Taking care of writers

Victoria Moran

Victoria Moran

I spent the last weekend in New York being cosseted and cared for by the illustrious author, Victoria Moran, whose Ninth and Tenth books come out tomorrow. (Just think, TWO books in one day! How many authors can say THAT?!) Drop what you’re doing and get Living a Charmed Life to learn how to live with joy and abundance despite the current conditions and The Love Powered Diet to learn how to eat with joy for unlimited health.

Victoria wrote this important blog on Beliefnet.com a couple days ago. It says everything you need to know about supporting your favorite writer. (ahem, I hope that’s us!) The truth is, without you, we are NOT here. And just what would the world look like without writers?

There are no books without readers, so please, read Victoria’s blog and know that she speaks for every writer from Dante to Tolstoy to Hemingway to Moran and, yes, Conner. Without you, our messages are silent. Here’s Victoria on how to support your favorite author:

Top Ten Ways to Keep an Author Afloat

1.Buy the book. I know this sounds obvious, but everybody is watching their budget these days so we have to plan to make purchases. If you’ve enjoyed an author’s previous books, get their new one into your spending plan.

2.Give it as a gift. This way you’ve both helped out with a sale and introduced this author you enjoy to someone else.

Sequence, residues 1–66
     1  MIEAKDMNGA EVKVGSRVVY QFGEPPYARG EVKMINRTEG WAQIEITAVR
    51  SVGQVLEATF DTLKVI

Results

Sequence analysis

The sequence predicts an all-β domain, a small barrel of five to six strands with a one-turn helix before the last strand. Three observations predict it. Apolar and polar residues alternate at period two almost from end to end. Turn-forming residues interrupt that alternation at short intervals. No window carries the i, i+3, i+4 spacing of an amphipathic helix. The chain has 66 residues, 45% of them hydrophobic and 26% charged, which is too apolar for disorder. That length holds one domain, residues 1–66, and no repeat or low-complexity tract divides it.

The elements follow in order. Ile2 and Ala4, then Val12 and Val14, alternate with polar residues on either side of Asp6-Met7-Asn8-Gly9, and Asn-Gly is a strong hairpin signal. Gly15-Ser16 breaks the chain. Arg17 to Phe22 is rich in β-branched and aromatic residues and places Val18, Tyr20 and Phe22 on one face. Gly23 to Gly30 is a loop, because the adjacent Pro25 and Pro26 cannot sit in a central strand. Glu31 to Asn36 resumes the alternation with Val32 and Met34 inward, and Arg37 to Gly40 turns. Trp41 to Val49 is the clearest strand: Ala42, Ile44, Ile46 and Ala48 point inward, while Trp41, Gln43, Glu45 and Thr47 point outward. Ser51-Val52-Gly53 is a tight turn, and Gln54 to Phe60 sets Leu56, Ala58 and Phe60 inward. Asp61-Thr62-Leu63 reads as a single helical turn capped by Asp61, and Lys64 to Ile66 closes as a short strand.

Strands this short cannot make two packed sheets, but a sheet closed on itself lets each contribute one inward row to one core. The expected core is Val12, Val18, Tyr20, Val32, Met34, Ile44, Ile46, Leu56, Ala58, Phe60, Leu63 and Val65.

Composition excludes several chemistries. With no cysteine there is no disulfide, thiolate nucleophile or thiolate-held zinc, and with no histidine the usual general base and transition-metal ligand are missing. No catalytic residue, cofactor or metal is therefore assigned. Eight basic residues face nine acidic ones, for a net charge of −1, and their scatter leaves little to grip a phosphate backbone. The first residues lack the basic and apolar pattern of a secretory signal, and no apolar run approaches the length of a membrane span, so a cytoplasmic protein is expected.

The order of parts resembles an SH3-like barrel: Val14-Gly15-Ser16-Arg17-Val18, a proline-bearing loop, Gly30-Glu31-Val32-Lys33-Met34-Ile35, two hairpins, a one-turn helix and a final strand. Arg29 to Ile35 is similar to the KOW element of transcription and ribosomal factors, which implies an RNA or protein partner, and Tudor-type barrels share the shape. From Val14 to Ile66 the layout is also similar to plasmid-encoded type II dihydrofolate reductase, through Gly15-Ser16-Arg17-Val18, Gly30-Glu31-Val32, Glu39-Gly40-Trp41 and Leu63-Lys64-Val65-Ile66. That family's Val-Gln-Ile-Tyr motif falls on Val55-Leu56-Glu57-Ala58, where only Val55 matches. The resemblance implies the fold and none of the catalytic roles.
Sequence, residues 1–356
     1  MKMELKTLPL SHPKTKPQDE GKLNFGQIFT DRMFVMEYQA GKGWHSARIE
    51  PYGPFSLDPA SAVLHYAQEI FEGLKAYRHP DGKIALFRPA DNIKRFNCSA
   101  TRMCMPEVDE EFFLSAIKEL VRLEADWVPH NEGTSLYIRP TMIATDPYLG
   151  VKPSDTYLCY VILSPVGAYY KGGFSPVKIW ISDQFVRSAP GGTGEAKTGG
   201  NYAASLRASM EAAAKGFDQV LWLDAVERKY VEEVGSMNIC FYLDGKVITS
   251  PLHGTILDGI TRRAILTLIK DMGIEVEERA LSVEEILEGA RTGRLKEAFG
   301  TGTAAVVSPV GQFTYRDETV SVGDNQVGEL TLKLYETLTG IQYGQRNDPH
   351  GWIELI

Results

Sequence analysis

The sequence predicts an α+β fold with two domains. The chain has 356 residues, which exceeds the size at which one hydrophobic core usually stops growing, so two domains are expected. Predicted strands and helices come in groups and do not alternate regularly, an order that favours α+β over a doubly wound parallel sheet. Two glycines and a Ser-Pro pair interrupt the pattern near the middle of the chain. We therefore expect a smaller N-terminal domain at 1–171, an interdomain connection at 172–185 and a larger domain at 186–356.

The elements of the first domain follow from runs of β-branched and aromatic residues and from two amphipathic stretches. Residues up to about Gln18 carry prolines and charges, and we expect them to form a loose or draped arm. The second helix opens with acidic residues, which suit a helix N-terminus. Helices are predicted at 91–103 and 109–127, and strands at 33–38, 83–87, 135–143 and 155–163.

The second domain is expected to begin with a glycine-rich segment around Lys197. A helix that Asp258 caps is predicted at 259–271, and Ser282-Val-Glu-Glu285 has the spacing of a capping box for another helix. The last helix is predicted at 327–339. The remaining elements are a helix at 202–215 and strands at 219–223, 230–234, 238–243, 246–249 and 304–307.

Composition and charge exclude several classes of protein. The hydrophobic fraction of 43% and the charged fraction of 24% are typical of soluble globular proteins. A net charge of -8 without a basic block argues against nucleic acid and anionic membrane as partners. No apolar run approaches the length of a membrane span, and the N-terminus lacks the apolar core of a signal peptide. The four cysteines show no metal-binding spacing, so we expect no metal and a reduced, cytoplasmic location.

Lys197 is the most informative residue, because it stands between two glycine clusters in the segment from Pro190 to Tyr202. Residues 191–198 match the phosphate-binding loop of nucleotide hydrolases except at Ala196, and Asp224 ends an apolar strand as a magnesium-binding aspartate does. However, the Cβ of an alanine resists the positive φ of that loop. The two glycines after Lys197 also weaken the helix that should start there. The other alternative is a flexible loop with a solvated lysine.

3.If you believe a book is deserving, write a positive review on Amazon.com or BN.com.

4.Attend bookstore signings. Even if you already own the book, or you’ll have to buy it later or get it from the library, just being a living, breathing, supportive person in that audience really helps.

5.Blog, tweet, talk, share…however you communicate with people. If you love a book, communicate that to them.

6.Read the book in public. I’ll never forget how, in my twenties, I got on the bus one morning and Wayne Dyer’s bald head was looking at meet from eight different angles because eight riders were reading his first book, Your Erroneous Zones, which featured (at that time) a photo of the top of his shiny pate on the cover. I bought the book that afternoon.

7.Teach a class, start a group, suggest it to your book club. If you’re crazy about a book, you can make it your own. When Creating a Charmed Life, the predecessor to Living a Charmed Life, was new, women started “charmed circle” groups all over the country. One, “the Lucky Charms,” met in Washington state for nine years, reading books in this genre by scores of different writers.

8.Tell a bookseller. Customer comments mean a lot, especially in the beautiful and stalwart independent bookstores out there. If you love a book the store isn’t carrying, your recommendation is likely to get that changed.